How to Use a Calendar to Keep Up with Prayer Requests

Faith-practicing professionals can use business tools to stay focused

Prayer calendar“I’ll be praying for you.”

Do you ever say that to someone and then promptly forget to utter a prayer for them? Worse yet, in a few days they say, “Thanks for your prayers…this is an update.” Gulp. You intended to pray, but your busy life and work distracted you.

There is a tool out there that manages our work (and personal life.) A calendar. So why not utilize it for your prayer life too?

Here are some ideas for how to use a tool such as Google calendar to keep better track of items you wish to pray about.

  1. Create a separate calendar. One thing I like about Google calendar is that you can create separate calendars for specific needs (i.e. menu planning, professional commitments, etc.) and layer the calendars for a full view as you wish. Color coding these layers is even better.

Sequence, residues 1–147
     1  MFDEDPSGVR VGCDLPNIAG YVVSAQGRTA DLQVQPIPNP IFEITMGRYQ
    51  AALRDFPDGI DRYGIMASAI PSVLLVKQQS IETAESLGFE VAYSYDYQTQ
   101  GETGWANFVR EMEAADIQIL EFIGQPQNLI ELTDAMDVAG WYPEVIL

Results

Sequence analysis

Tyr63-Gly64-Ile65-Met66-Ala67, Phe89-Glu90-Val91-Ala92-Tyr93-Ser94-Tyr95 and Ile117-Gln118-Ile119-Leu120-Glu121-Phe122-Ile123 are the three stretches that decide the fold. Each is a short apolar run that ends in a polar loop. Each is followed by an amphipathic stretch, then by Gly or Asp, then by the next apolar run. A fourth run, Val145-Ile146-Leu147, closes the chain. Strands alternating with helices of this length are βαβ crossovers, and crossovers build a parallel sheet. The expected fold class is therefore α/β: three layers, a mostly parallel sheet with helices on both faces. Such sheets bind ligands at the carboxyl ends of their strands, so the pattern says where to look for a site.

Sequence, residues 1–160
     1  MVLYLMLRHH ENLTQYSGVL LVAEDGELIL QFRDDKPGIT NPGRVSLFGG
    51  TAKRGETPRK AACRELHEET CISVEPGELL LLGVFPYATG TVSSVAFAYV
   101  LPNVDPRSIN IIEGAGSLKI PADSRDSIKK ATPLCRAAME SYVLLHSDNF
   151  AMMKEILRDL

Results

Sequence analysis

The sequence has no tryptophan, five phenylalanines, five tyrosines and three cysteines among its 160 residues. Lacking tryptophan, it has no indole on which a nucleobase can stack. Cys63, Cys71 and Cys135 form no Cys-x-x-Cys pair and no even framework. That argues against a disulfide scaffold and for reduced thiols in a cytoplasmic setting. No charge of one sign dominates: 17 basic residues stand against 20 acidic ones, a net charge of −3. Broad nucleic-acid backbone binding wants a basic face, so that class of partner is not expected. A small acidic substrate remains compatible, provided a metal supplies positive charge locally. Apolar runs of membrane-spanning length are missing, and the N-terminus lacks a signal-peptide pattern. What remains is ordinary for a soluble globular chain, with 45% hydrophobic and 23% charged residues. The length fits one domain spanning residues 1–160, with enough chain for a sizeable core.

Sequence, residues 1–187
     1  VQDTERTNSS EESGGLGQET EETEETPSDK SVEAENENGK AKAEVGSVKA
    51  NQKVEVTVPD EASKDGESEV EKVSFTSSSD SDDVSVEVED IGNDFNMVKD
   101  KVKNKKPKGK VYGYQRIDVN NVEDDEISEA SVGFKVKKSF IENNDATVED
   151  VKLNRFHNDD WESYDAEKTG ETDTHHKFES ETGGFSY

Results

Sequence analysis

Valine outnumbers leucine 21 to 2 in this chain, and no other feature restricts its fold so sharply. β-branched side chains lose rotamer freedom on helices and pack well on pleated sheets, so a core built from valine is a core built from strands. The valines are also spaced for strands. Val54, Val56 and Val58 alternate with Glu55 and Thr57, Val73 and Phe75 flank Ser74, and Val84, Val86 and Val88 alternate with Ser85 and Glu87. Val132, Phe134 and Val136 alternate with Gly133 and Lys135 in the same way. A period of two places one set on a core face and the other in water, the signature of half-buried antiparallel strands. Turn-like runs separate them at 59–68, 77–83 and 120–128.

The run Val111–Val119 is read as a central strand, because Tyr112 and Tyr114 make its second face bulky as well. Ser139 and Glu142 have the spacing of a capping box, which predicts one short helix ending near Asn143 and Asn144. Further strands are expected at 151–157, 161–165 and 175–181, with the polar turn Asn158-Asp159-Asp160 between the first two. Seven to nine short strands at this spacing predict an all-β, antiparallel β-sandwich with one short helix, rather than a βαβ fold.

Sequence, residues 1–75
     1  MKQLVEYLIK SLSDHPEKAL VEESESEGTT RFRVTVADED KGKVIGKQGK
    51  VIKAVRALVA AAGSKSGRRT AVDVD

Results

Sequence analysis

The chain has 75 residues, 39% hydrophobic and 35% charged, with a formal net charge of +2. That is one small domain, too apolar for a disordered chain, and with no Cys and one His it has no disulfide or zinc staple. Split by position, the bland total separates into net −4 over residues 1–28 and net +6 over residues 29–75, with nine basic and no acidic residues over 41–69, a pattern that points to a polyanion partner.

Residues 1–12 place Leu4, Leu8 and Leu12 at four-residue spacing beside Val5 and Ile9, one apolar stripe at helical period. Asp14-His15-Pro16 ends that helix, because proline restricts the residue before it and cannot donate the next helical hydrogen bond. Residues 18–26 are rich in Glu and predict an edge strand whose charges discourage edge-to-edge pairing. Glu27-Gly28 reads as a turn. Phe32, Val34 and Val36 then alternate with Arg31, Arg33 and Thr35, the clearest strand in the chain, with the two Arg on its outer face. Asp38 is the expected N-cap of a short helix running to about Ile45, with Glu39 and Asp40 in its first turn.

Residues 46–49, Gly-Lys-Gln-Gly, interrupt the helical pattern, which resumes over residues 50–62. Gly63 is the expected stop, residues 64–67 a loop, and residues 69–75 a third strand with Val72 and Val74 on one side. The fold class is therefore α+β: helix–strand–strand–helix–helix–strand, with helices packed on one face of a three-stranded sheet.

2. Enter most requests on this calendar as “all day” events. This places the requests/topics at the top of your calendar. When you add in your other calendars, prayer items remain at the top.
  3. When appropriate, set an appointment for prayer before a particular event. For example, if you know a friend has an interview at 2:00 on a Tuesday, you can set an appointment for yourself to pray at 1:30. (You could also just note it as an all day appointment with the time, i.e. Sheila’s interview: 2:00.)
  4. Create recurring requests for items that you will pray about regularly. For example, you could have a daily prayer for a spouse, child, or other family member. Earlier this year, I set up specific requests based on Scriptures for my husband and son (I used sources such as what you can find searching “30 days of praying for your spouse/child.”) I used enough entries to create 90 days of Scripture prayers, setting each one up to recur every three months on the 1st, 2nd, etc.